If you’ve been seeing your significant other for a while and all is well in your relationship, the next step may involve living together. In the UK, more people than ever are cohabiting before getting married, and a survey has revealed that living in a couple is the most popular living arrangement for those aged 16 and over. Moving in together may be one of the best ways to strengthen your bond, and it could potentially be a financially sound move. However, living together presents a few challenges, both relationship and money-wise, and there are things that you and your partner need to consider before the big day. To keep the love alive and to ensure that all goes well between you and your SO, here’s everything you need to talk about before moving in.
When should you move in?
Is there such a thing as the right time to start living together? In a Bridebook poll in 2017 which involved 4,000 British couples, it was revealed that the average couple dated for 17 months before moving in together. Bridebook’s founder, Hamish Shephard, said that the findings indicate that living together before tying the knot can “clearly be very positive steps to finding ‘the one’ and having a fantastic long-lasting marriage.”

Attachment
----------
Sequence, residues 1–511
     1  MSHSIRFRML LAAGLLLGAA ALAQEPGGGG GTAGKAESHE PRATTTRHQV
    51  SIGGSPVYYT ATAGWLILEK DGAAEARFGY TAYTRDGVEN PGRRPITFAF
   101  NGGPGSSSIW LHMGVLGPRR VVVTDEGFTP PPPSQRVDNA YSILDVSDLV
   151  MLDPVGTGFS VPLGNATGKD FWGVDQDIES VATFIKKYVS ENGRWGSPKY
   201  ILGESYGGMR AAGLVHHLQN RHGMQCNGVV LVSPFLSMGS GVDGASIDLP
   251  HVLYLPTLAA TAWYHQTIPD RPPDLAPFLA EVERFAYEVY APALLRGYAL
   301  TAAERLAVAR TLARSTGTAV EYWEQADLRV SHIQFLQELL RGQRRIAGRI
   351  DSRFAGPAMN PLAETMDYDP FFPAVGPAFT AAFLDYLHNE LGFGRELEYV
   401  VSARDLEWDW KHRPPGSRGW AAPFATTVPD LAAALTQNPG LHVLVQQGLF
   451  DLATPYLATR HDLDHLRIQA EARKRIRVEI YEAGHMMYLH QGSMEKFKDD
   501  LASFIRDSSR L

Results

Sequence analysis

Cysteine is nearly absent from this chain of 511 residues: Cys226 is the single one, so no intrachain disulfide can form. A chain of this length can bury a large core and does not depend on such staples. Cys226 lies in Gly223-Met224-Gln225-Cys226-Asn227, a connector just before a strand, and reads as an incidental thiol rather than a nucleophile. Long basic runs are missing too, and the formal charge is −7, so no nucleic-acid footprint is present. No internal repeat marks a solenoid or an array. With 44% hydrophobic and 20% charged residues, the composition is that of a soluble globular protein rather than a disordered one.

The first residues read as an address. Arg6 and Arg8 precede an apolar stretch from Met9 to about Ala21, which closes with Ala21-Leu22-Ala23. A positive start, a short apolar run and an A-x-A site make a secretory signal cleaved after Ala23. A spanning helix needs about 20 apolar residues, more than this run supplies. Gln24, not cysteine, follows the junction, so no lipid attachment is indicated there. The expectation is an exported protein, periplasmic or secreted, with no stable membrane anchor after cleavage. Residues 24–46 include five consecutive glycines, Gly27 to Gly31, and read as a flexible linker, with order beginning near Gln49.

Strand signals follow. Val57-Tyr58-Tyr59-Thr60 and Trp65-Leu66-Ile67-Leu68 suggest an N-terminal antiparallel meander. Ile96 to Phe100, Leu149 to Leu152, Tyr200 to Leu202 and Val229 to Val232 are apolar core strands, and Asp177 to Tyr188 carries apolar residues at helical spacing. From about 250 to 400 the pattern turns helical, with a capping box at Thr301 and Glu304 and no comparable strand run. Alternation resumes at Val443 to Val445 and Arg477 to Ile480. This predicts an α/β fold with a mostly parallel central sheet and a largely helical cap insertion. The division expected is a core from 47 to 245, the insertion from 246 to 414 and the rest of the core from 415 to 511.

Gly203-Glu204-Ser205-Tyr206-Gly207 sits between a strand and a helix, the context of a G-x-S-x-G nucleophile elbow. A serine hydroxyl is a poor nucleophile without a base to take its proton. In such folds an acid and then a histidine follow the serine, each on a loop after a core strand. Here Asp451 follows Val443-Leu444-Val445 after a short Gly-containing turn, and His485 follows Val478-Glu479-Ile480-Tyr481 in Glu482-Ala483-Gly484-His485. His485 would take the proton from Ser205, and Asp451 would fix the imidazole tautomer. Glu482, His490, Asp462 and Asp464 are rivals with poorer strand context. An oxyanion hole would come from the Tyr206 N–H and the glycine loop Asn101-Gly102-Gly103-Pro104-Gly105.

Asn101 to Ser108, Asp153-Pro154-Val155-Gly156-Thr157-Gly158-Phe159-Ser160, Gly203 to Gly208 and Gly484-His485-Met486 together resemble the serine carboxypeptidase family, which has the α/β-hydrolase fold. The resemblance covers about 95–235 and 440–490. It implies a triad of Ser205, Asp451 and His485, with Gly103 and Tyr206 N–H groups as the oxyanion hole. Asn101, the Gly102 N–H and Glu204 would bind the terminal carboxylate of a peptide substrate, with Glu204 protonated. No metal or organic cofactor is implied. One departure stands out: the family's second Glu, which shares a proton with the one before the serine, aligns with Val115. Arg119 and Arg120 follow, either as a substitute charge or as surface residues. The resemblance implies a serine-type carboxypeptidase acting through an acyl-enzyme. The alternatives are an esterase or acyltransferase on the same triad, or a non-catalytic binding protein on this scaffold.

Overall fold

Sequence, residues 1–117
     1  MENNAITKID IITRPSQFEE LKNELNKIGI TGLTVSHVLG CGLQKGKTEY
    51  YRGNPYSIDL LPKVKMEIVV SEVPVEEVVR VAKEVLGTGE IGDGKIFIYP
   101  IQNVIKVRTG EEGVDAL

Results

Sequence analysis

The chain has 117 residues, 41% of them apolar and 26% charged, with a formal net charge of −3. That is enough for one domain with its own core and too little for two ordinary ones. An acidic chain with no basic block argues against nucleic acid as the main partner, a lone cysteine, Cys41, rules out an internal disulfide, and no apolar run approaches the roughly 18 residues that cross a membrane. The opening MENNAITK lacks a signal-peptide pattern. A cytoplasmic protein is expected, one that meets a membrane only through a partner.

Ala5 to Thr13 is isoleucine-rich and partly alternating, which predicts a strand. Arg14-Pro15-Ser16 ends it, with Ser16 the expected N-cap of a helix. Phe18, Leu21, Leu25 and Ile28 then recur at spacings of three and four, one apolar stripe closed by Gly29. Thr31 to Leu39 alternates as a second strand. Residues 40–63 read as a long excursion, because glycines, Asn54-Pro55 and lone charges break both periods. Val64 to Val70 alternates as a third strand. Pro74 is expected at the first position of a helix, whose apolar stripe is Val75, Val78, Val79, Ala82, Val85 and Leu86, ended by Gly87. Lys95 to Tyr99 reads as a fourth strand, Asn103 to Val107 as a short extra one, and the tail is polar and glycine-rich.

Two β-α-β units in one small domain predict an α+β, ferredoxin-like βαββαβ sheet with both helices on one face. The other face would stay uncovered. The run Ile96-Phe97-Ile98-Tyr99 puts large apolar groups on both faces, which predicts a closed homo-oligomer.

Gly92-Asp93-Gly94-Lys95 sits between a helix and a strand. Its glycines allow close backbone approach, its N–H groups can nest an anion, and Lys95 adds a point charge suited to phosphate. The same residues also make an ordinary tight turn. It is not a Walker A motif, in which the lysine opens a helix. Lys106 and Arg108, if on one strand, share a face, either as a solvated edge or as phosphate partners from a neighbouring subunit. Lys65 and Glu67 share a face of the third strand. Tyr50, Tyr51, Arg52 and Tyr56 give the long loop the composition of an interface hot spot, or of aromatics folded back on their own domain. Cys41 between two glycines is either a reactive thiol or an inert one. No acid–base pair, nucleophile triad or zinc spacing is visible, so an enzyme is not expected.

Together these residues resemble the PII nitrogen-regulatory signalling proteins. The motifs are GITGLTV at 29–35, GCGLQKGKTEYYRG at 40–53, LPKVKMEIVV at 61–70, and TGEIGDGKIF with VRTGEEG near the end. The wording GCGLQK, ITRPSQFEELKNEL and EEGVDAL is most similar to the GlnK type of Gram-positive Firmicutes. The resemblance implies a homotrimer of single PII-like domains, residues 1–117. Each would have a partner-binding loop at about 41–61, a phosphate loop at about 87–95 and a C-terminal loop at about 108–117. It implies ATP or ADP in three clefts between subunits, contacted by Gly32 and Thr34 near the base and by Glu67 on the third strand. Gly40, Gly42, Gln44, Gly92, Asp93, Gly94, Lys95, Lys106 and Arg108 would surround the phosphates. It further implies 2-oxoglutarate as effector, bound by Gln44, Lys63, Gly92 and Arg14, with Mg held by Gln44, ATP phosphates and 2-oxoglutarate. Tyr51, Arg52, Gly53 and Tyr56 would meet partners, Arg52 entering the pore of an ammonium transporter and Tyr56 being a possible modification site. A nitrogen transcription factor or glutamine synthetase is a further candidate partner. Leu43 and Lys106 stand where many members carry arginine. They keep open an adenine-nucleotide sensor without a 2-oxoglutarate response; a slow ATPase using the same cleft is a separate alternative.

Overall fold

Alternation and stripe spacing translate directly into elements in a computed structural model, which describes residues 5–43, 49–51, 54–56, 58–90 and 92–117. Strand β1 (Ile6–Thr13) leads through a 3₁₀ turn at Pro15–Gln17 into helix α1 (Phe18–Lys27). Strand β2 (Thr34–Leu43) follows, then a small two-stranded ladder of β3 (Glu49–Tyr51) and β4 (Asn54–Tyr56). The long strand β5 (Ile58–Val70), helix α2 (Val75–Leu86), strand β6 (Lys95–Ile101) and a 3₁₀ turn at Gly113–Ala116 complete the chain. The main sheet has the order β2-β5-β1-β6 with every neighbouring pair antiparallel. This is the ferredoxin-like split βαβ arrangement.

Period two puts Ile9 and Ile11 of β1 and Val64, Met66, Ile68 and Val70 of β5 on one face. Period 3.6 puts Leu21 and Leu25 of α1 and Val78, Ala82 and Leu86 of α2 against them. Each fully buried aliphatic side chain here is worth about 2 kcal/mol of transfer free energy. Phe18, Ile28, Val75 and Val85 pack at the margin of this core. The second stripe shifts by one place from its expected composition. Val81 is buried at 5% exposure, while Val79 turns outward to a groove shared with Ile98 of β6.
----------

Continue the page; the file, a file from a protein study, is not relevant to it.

Although the survey shows that most pairs wait at least a year before making the next step, identifying the ideal timeline for moving in together can be difficult—each relationship is different, after all. But you can take a good look at your relationship to find cues whether it’s the right time to cohabitate. Experts say that once you and your significant other understand and are willing to live with each other’s habits, then that’s a good sign that you can consider moving in. Being open and comfortable talking about money and finances is also a positive sign.
My place or yours?
Another thing to consider before moving in is where you’ll live. Should your partner move into your place, or should you be the one to relocate? When it comes to sharing a place, ultimately, the best thing that you and your SO could do is look for the best option that would make sense for your lifestyle and budget. For instance, if your partner owns a home and you’re renting, then it may be better for you to move into your loved one’s place. However, if your place is located near you and your SO’s respective places of work, then it may make more sense for your partner to move into your flat.
There’s also a matter of space—who currently lives in a place that can comfortably accommodate two adults? If you have the bigger home and the extra closet space, then your partner may want to move into your place. As for buying a new home together, it may be prudent to hold off on investing in a shared property until you decide to get married. Not only will it be less complicated, but it saves both of you from the trouble and heartache of dividing possessions and the home should the relationship not work out in the end.
My aesthetic vs your style